Tommy Ford (Thomas Mikal Ford)

Tommy Ford

Tommy Ford was born in Yonkers, New York, and raised in Long Beach, California. His parents worked as a school secretary and a pipe-fitter. As a child, Ford wanted to be a preacher. When he took drama lessons and started acting in high school plays, he decided to go into acting instead. After earning Associate of Arts degree from Long Beach City College in 1985, Ford transferred to the University of Southern California, where he graduated with a Bachelor of Fine Arts degree in acting. In Martin, Tommy Ford played Tommy Strawn who was, at times, the straight man for Martin Lawrence’s jokes, but he very often inserted scene-stealing “bald-headed logic” and witty comments in odd situations. Also, his character was often the subject of many jokes regarding his mysterious employment status though Tisha Campbell-Martin revealed he was a counselor and presumably unemployed after Ford complained that his character lacked development. Ford received an NAACP Image Awards nomination in 1996 in the category of Outstanding Supporting Actor in a Comedy Series. After Martin ended, Ford found success in the detective drama New York Undercover. Ford played the role of Lieutenant Malcolm Barker. Ford appeared on the UPN sitcom The Parkers in the recurring role of Nikki’s ex-husband and Kim’s father, Mel Parker, in seven episodes. He played Ben Cummings in The Power of Passion as one of the characters whose wife cheats on him with the pastor. He was also known as “The Pope of Comedy”, due to exposure as a judge on TV One’s comedy competition show Bill Bellamy’s Who’s Got Jokes?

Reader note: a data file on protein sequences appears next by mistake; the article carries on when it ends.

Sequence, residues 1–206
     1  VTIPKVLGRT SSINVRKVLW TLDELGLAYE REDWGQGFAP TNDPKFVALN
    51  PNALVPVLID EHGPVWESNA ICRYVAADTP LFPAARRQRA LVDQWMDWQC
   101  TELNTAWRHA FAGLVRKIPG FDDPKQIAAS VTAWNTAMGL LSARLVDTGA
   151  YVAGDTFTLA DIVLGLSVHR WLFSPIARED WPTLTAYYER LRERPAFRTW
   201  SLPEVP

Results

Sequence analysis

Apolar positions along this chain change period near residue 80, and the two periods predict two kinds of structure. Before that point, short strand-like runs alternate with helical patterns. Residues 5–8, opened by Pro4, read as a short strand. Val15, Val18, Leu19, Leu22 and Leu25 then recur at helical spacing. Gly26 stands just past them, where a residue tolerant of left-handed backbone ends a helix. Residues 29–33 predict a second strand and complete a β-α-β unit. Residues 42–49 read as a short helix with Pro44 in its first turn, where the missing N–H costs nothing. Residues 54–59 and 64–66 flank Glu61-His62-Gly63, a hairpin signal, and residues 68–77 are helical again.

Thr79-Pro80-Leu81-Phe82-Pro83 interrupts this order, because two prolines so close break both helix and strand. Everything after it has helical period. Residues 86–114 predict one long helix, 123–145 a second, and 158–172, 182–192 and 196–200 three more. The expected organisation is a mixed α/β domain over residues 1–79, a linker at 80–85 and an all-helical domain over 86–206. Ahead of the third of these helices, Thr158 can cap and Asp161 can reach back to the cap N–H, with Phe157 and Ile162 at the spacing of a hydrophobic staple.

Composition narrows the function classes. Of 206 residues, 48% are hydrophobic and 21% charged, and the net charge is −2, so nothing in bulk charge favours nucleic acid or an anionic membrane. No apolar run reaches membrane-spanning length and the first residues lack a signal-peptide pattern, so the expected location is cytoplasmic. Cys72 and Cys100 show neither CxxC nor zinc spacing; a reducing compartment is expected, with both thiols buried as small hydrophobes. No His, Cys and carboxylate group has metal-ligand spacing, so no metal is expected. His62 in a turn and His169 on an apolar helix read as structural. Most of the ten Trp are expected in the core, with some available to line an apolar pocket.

In film, Tommy Ford appeared in the Kid ‘n Play movie Class Act as Mink. In Harlem Nights, he played Tommy Smalls, the brother of Arsenio Hall’s character. He can also be seen in the 1997 crime drama Against the Law. In 1993, Ford directed and produced the play South of Where We Live, which was about six African-American professionals who return to the communities where they were raised and learn about the social issues that now exist. The play was performed at the Los Angeles Ebony Showcase Theatre, the oldest black theater in the country. Ford chose the Ebony Showcase in order to raise money for the theater, which was in danger of closing. The same year, he directed the play Jonin’, a comedy about fraternity life at a historically black college in Washington, D.C. Ford co-hosted the Texas Gospel Music Awards in 1993 with singer Yolanda Adams and actor Troy Curvey. In 1998, Ford founded a 501 nonprofit organization called Be Still and Know. The organization’s mission was to build better communities for youth. Ford wrote two inspirational books for children, titled “Positive Attitude” and “I am Responsible for Me”. Ford spent time traveling to schools to inspire and empower children and encourage responsibility. Tommy Ford died on October 12, 2016, at an Atlanta area hospital after an aneurysm in his abdomen ruptured. He was 54.

Born

  • June, 15, 1962
  • Yonkers, New York

Died

  • October, 12, 2016
  • Atlanta, Georgia

Cause of Death

  • aneurysm

Cemetery

  • Ascension Cemetery
  • Lake Forest, California

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